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learning the hard way ...

Discussion in 'Digital Image Editing & Printing' started by PeteRob, Nov 3, 2020.

  1. PeteRob

    PeteRob Well-Known Member

    So the end of day one with an Epson V850 in transparency scan mode. I feel exhausted.

    Q1 How hard can it be to open a negative carrier ? - I've got the knack now but I was terrified of breaking the thing.

    Q2 How hard can you push a DIN plug in a socket. I haven't seen a DIN plug on anything for 40 years when I last enjoyed having a hi-fi. (I've still got the hi-fi but I'm too deaf to enjoy it). To convert from document to transparency mode a cable has to be connected. Took mega ages to pluck up the courage to push it as hard as it needed to go. I'm dreading having to disconnect it.

    I've sort of got the hang of scanning. Got the right software from Epson, got the right software from Silverfast. As the disks that ship with the scanner are well out of date. The Silverfast guided scan process applies ICE even after inputting the film was HP5. I now see from Harman website not to use ICE with non C-41 films but I was amazed at how thoroughly ICE removed every bit of white and light grey from the image, reducing a 2.3 MB file (the eventually successful scan) to 145 kb of mostly black over 45 minutes of thinking.

    I've installed Bridge, which lets me edit jpgs in ACR, rather than have to import scratch stuff into LR. To install Bridge I had to accept update to Creative Cloud app, which crashed, seven times. Then it installed a completely new version of Photoshop) and updates to Lightroom Classic and ACR. So I deleted Photoshop 2020 as it wanted to update that too.

    I gave up trying to edit the scanner files in On1 and in Photoshop. ACR seems a much easier place to start though I think I picked a difficult negative as a first scan subject.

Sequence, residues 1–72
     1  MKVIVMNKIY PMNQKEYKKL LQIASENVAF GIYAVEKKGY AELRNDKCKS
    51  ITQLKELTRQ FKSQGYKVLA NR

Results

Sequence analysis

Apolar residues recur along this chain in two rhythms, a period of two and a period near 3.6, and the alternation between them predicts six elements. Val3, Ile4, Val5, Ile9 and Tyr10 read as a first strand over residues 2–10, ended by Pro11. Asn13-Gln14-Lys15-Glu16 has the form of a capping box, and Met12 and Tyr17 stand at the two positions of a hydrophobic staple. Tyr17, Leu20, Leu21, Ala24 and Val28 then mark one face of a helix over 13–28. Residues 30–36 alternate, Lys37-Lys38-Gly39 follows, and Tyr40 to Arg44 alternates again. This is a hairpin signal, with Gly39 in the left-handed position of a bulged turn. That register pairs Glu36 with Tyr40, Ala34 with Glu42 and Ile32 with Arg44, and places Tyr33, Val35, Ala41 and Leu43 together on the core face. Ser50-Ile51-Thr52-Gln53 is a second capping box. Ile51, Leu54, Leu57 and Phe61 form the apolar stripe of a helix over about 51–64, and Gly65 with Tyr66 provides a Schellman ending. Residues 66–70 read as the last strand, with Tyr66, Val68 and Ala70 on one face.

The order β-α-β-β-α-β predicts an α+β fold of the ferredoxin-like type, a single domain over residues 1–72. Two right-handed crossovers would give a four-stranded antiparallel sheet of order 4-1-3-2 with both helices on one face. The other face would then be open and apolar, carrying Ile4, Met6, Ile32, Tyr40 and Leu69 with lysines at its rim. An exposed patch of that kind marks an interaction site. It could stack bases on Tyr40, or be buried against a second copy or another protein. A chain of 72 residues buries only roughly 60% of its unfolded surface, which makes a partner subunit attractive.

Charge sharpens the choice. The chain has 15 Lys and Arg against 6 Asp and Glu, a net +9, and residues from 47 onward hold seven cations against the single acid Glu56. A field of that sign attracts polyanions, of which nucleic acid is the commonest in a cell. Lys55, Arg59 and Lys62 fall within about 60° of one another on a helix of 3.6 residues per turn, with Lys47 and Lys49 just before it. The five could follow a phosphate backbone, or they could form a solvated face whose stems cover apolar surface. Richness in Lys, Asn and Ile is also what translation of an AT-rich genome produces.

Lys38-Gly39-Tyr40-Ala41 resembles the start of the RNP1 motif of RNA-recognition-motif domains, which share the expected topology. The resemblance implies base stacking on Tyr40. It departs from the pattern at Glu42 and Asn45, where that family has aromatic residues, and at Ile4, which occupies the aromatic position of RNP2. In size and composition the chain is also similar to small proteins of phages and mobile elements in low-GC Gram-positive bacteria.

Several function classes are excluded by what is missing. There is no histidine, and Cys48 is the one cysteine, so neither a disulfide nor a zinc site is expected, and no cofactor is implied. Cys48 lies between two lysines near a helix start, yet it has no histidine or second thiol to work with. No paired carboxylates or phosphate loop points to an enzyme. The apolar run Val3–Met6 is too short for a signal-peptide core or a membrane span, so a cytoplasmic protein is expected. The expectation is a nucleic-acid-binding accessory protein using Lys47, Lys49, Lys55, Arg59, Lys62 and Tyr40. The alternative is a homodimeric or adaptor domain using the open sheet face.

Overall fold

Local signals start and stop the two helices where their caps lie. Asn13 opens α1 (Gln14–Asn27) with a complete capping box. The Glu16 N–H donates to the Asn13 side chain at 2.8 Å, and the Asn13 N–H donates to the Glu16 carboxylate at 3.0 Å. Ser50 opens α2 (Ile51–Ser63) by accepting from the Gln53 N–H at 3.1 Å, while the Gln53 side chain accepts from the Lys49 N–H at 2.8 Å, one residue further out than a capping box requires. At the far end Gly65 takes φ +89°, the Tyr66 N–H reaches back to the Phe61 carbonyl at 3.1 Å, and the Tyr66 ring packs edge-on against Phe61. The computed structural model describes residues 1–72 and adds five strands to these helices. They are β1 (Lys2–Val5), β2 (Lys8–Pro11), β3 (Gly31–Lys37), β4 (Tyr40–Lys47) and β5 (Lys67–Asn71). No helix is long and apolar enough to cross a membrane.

I have decided that digital camera images are a lot easier to deal with than scanned negatives.

    I like the way the EPSON software will divide one scan up into individual images (up to 18). That is much more convenient than Silverfast or VueScan in which you have to select one negative at a time.

    So at least I've made a start - got a few thousand negatives and the family albums out. The boss said start at the oldest and work through the pictures in the albums.

    First problem - pre-1980 99% of the pictures were taken with an instamatic. I'll have to rig a camera and macro lens up to have any chance of digitising those, unless negative carriers are available for the EPSON.

    Does anyone know how to invert a colour negative if I do use a camera to copy the negatives ?
     
  2. Andrew Flannigan

    Andrew Flannigan Well-Known Member

    In The GIMP use {Colors|Invert}. If I recall correctly, all versions of Photoshop have a similar command.
     
  3. Bazarchie

    Bazarchie Well-Known Member

    Good luck Pete. You probably have the best scanner on the market but I expect a lot of time and patience is required. I cannot answer your question.
     
  4. PeteRob

    PeteRob Well-Known Member

    Tx. I was staggered at the number of 110 negs we have. There’s a guy in the US with a 3D printer who makes 110 neg carriers the fit inside one of the larger epson negative carriers.
     
  5. EightBitTony

    EightBitTony Well-Known Member

  6. PeteRob

    PeteRob Well-Known Member

    EightBitTony likes this.
  7. PeteRob

    PeteRob Well-Known Member

    In amongst the packets of 110 film I found some film strips mounted to fit a 35 mm carrier. The missing width is made up of a paper (which looks as if it has been cut from a roll) that has one side tacky. The negative strip is mounted so that the very edge is on the glued strip. A cover strip, presumably also tacky is then pressed in place securing the negative and covering the glued area. I assume it was originally supplied on a roll so that a strip is cut to length, the covering edge peeled back, the 110 negative rebate touched down then the covering edge rolled back. The whole makes a section with overall width identical to a 35 mm film. I guess this technique was used by the high street processors when someone wanted print copies from 110 film.

    I wonder what the name of the paper is. There are punch holes in some of the strips and a set of perforations running alongside the 5mm wide or so "sticky" bit so it looks like it might have had a secondary purpose for holding material to be bound in a folder. All of the negatives from this era come in a single packet or folded sleeve sized for 35 mm or folded in half as if sized for 120 (?). Later 35 film negs are in individual sleeved sections of a continuous roll of acid-free plastic or paper.
     

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